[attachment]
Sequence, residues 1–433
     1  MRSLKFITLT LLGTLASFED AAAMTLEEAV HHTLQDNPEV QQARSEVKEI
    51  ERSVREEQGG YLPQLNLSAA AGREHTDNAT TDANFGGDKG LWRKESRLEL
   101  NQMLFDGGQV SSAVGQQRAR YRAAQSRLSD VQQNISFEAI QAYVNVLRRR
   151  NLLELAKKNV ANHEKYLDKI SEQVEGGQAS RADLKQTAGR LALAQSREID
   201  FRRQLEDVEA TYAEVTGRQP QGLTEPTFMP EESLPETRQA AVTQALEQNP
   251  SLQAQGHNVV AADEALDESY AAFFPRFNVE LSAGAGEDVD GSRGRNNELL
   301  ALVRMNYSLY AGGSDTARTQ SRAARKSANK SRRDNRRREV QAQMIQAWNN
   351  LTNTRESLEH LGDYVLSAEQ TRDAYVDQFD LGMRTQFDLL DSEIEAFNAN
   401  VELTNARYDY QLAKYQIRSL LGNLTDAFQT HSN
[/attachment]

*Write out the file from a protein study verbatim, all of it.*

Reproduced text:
Sequence, residues 1–433
     1  MRSLKFITLT LLGTLASFED AAAMTLEEAV HHTLQDNPEV QQARSEVKEI
    51  ERSVREEQGG YLPQLNLSAA AGREHTDNAT TDANFGGDKG LWRKESRLEL
   101  NQMLFDGGQV SSAVGQQRAR YRAAQSRLSD VQQNISFEAI QAYVNVLRRR
   151  NLLELAKKNV ANHEKYLDKI SEQVEGGQAS RADLKQTAGR LALAQSREID
   201  FRRQLEDVEA TYAEVTGRQP QGLTEPTFMP EESLPETRQA AVTQALEQNP
   251  SLQAQGHNVV AADEALDESY AAFFPRFNVE LSAGAGEDVD GSRGRNNELL
   301  ALVRMNYSLY AGGSDTARTQ SRAARKSANK SRRDNRRREV QAQMIQAWNN
   351  LTNTRESLEH LGDYVLSAEQ TRDAYVDQFD LGMRTQFDLL DSEIEAFNAN
   401  VELTNARYDY QLAKYQIRSL LGNLTDAFQT HSN